Home sales in area rose 27% in Nov. 'Still a lot of demand' for existing houses, local executive says

'It's been a lot of fun'

Pending contracts signal strong pace into the new year

Real Estate

December 08, 1998|By Robert Nusgart | Robert Nusgart,SUN STAFF

In his three decades of selling real estate, Arthur Davis has seen all kinds of markets -- some better than others -- but this year's may be one of his most astonishing.

"We are seeing activity that just keeps coming," said the president of Chase Fitzgerald & Co. Inc., a boutique firm in Roland Park.

"On Thanksgiving, we worked right through," he said. "There is still a lot of demand and, coupled with low interest rates, it has kept the buyers looking."

But they didn't just look, they bought.

Sales of existing homes in the Baltimore metropolitan area for November rose 27 percent over the same period last year, continuing a surge that began in July 1997. What makes the rise more impressive is that it is measured against a month that was 10 percent better than November 1996.

Carroll County matched its sales for October, posting an increase of just more than 48 percent, the highest in the area. The city was next with a 39 percent rise over November 1997, and Anne Arundel County followed with a 34.5 percent gain.

Howard County showed an increase of just over 22 percent, and Baltimore County rose 18.17 percent. Harford County was the lone jurisdiction to have a single-digit increase, posting a 5.08 percent gain.

Pending contracts, an indication of future activity, rose 16 percent over the same period last year, indicating that December as well as January will show a strong housing market.

"For this day in December, I'm looking out my window to see a full parking lot and people are on the phone. That's amazing," said Patrick Kane, vice president of Coldwell Banker Grempler Realty Inc. in Towson. "This is the time when people like me can go shopping when everybody is gone. But everyone is here working."

Not even a hiccup in the stock market in October seemed to give buyers pause last month.

"It's the overriding optimism," said Patricia Savani, a partner in Anne Arundel-based Champion Realty Inc.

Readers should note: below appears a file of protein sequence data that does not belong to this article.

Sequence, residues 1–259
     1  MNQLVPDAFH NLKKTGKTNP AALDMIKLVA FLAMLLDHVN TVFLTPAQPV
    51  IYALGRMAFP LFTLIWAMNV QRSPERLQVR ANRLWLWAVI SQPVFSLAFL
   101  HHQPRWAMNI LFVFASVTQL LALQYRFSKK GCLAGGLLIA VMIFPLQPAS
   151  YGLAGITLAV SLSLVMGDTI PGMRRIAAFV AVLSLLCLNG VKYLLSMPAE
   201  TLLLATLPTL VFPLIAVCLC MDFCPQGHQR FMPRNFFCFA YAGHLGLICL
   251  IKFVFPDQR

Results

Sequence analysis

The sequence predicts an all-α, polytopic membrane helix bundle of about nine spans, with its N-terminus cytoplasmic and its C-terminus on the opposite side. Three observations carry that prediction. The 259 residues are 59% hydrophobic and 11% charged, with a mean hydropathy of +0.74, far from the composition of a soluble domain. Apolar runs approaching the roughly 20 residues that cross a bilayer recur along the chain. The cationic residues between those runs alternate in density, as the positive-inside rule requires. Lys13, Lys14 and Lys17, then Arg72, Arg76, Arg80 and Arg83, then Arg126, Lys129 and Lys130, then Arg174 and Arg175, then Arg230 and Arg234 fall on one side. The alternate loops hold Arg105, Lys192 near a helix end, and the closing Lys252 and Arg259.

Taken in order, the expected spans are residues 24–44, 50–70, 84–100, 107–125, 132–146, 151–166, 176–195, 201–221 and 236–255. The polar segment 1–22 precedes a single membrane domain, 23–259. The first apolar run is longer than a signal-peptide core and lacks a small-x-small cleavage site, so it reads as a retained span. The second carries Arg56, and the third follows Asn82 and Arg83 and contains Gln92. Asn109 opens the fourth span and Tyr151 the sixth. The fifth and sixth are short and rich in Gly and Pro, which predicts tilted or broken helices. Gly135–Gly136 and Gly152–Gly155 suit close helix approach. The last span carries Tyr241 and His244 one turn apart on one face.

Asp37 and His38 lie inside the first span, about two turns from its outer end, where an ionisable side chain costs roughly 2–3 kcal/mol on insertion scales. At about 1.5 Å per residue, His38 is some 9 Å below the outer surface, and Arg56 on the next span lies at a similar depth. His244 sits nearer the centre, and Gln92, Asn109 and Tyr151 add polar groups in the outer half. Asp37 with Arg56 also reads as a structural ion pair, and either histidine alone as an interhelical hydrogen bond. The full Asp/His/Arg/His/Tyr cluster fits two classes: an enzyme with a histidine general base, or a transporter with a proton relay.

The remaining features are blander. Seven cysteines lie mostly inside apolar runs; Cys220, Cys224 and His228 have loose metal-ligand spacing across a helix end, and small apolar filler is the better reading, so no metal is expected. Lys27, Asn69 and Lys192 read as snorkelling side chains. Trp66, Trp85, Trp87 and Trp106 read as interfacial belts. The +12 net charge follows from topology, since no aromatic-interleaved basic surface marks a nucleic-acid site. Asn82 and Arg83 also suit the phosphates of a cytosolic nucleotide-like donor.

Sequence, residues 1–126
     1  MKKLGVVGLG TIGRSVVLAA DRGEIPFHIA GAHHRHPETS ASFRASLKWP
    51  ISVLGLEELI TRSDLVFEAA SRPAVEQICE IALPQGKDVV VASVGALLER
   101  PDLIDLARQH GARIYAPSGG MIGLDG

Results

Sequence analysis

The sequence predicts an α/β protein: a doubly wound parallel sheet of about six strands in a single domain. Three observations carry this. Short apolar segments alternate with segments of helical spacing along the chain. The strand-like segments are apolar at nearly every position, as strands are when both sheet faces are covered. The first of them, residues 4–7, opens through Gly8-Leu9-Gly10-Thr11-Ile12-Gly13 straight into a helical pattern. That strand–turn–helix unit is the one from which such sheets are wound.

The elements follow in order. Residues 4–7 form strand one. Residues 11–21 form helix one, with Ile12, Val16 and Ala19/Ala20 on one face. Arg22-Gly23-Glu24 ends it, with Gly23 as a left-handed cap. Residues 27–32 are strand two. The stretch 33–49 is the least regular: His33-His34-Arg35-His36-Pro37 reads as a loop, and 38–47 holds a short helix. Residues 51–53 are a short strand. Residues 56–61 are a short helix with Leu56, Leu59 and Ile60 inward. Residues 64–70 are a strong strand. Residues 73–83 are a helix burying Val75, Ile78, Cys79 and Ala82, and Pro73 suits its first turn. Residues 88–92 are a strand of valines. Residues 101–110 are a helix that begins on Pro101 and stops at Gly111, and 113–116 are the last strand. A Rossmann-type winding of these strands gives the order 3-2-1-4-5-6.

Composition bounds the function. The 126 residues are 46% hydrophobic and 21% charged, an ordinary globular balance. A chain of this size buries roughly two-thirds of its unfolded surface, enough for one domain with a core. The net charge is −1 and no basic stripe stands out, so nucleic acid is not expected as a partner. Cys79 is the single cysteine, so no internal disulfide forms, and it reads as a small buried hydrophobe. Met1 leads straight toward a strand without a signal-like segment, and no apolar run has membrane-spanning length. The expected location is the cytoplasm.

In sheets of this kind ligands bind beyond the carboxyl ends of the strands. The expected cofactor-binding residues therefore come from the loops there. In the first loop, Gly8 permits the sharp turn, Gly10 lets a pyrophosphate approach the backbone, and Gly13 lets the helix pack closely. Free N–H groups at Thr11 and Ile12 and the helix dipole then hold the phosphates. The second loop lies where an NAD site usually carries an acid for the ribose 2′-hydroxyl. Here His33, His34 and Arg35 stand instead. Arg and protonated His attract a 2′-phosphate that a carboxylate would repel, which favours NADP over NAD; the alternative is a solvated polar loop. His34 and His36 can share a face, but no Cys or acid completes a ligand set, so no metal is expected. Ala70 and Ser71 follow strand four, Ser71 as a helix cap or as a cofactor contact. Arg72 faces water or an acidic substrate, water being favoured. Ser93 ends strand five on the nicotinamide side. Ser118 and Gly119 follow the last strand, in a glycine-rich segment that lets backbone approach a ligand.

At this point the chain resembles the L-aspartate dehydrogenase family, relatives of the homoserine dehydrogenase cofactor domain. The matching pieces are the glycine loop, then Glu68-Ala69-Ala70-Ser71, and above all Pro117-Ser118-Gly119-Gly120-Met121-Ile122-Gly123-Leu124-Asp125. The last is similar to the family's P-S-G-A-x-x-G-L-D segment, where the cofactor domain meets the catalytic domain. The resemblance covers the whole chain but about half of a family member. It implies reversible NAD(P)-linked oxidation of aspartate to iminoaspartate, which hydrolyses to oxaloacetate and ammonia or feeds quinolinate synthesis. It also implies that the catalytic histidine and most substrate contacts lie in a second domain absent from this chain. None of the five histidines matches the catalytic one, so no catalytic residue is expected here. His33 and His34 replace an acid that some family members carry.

"You can't just read about [low] unemployment and [high] retail sales and all these things being positive, positive, positive, and have a blip in the market stop it that's what we saw -- a blip in the market.

"It is the best [housing] market I can remember. It's been a lot of fun. It's been a lot of fun to see a lot of young people get into homes.

"You can get a lot of people in housing for the same as rent at 6 7/8 or 7 percent," Savani said, "and that is very gratifying."

Marc Witman, president of the Greater Baltimore Board of Realtors, said the unseasonably warm weather contributed to the sales increase.

"It's not a drudgery [for buyers] to go out and look at houses right now," said Witman, an associate broker with Long & Foster Real Estate Inc.

But Witman was concerned that strong sales and the holiday season might result in a lack of inventory for buyers to choose from.

"If you are thinking about selling your house, don't think it's not a good time to be in the market," he said. "Now may be a very good time to be, because the people who will be looking will be serious buyers."

Said Coldwell Banker's Kane: "There are so many things going in our favor right now. We're having better weather than in our spring market."

Pub Date: 12/08/98

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